The Recovery Partition, D:, is NOT used for system created Restore Points.

It is an "image" of the system and programs originally installed by the factory.
It is used to "Recover" your system to a factory shipped default condition.

It has NOTHING to do with System Restore Points.

It should NOT be used for ANYTHING else -- not file backups, not Complete PC
Backup, nor temporary storage. Anyway, the available space is too small for
anything really useful.

Leave it alone -- unless you made recovery DVDs.

--
I Bleed Blue and Gold
GO BEARS!


"John Hanley" <jphanley@ix.netcom.com> wrote in message
news:eSt6aqYwHHA.2040@TK2MSFTNGP03.phx.gbl...
> From what I understand: the 'Recovery drive' feature (D is something
> provided by the manufacturer of your computer (like Dell or HP), as a place
> for your system to make Restore Points. and not something designed by
> Microsoft or Windows or Vista. But Vista, per se, looks around for likely
> destinations for your 'automatic backup' and sees this apparently available
> separate 'drive' called D:, observes that it is different from your main
> hard drive (C and suggests it as a location choice for your automatic
> backup. One could say that Vista, per se, does not know that HP has set up
> this D: drive on the same physical disc as the C: drive.
>
> So, how do you know that you do *not* have use of your Recovery Drive (D?
> The intended use of the recovery drive is for System Restore points; is D:
> working for those? Perhaps a first thing to do on that is to check and
> see whether your system has been making regular Restore points. On your
> Start button, type System in the search box; then click on System Restore;
> if you are prompted for an administrator password or confirmation, type the
> password or provide confirmation by clicking Continue. In the System Restore
> window that comes up, click on Next. This will give you a listing of all
> the Restore Points for the last 5 days; if you want to look further back,
> click the box for "Show restore points older than 5 days". My system has
> Restore points about every day, and additional ones when there has been an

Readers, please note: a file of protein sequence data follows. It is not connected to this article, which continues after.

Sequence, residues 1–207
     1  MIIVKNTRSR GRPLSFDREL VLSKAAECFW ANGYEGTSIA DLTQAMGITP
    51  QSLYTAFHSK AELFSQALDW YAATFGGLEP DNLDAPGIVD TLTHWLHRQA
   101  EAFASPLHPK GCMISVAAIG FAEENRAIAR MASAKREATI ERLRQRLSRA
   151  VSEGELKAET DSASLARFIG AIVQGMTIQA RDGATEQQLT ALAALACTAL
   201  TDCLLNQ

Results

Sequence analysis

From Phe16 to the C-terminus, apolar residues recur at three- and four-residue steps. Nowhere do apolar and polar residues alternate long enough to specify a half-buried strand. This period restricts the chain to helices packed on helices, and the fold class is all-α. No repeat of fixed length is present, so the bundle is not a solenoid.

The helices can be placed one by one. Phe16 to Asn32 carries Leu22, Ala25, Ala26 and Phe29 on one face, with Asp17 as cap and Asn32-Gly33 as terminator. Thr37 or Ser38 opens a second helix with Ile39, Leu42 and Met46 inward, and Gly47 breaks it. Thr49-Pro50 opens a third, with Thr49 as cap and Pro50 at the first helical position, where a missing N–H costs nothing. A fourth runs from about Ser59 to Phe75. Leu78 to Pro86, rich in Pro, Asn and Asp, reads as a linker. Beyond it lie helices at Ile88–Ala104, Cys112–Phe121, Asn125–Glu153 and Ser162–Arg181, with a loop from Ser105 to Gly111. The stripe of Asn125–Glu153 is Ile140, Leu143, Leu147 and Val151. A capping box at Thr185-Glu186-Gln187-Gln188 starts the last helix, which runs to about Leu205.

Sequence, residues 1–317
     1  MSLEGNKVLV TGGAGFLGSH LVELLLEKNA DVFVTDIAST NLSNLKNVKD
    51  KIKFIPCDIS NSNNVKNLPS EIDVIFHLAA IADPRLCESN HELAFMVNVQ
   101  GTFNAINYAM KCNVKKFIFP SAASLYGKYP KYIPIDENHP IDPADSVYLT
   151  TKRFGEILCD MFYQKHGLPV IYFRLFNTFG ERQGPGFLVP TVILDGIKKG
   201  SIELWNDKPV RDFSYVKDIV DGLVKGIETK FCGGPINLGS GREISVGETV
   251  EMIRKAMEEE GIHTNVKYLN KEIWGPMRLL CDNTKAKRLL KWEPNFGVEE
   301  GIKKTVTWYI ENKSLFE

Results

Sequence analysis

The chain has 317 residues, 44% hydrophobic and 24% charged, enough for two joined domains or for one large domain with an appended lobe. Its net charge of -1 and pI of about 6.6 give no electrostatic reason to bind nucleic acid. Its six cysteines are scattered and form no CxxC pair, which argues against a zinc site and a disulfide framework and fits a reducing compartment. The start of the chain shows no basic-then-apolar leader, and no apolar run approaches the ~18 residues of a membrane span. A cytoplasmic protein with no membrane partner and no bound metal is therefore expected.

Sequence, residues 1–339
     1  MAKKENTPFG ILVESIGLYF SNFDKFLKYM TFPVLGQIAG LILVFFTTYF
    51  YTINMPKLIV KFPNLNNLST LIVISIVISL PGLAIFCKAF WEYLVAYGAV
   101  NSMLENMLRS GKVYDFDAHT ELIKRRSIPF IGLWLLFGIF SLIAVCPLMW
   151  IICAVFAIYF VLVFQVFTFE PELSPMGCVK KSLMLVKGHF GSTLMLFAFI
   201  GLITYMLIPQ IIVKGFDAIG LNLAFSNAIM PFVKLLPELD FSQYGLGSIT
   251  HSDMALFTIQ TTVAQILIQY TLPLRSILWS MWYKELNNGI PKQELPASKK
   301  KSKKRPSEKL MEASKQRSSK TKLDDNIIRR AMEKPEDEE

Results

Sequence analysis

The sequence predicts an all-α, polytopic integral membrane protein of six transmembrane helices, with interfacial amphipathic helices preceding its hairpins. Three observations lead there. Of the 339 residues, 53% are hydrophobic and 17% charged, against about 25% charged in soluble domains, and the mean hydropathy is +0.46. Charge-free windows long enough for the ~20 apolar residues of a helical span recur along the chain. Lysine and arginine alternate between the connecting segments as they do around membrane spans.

> event like a Windows Update. The question at this point is whether you do
> have one or more Restore points listed. If you do not, what *is* listed? If
> you have several recent Restore Points, then your D: is working as intended.
>
> Keep in mind that it is *not* recommended that you use the D: drive as a
> location for Automatic Backups, even though D: is given as one of the location
> choices. Keep your D: drive strictly for System Restore points. Check and see
> what you have and write back.
>
>
> "Eileen" <Eileen@discussions.microsoft.com> wrote in message
> news:50EEA730-9C84-48E4-BB20-F9A1ECDEF91C@microsoft.com...
>> Well you're right, I should backup to an external drive anyway.
>> But is there any way to recover the use of my Recovery Drive (D? I'd
>> still
>> like to have an automatic backup to save "snapshots" of settings and
>> everything, in case C: fails.
>> And yes, I believe the small D: Recovery Drive is the default for these
>> automatic backups (what were they thinking?).
>> The automatic backup feature was one of the reasons I got a non-Basic
>> Vista...

>



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  #10 (permalink)  
Old 07-09-2007
Charles W Davis
 

Posts: n/a
Re: backup in Vista
Mike, et.al.
I bought a new HP with Vista Ultimate on March 31, 2007. Three days later,
it wouldn't let me continue without buring the recovery (D drive to DVDs.
It was a first time experience, I even got to use the Lightscribe to label
the disks. Do others simply ignore this somehow? I don't know how other HP
buyers have fared with this.
"Mike Hall - MVP" <mikehall@mvps.org> wrote in message
news:eYkANeWwHHA.5008@TK2MSFTNGP05.phx.gbl...
>A lack of warning is a failing on the part of the OEM computer
>manufacturer.. tell them about it..
>
>
>
> "Eileen" <Eileen@discussions.microsoft.com> wrote in message
> news:3F1E2DB1-29CB-4636-B31B-AAB14ECD0EA0@microsoft.com...
>> Oh, and I never got any warning not to alter files in the D: drive. I
>> hope I
>> have not deleted anything unrecoverable. Vista came on my machine, so I
>> don't
>> have any recovery disks.

>
> --
>
>
> Mike Hall
> MS MVP Windows Shell/User
> http://msmvps.com/blogs/mikehall/
>
>
>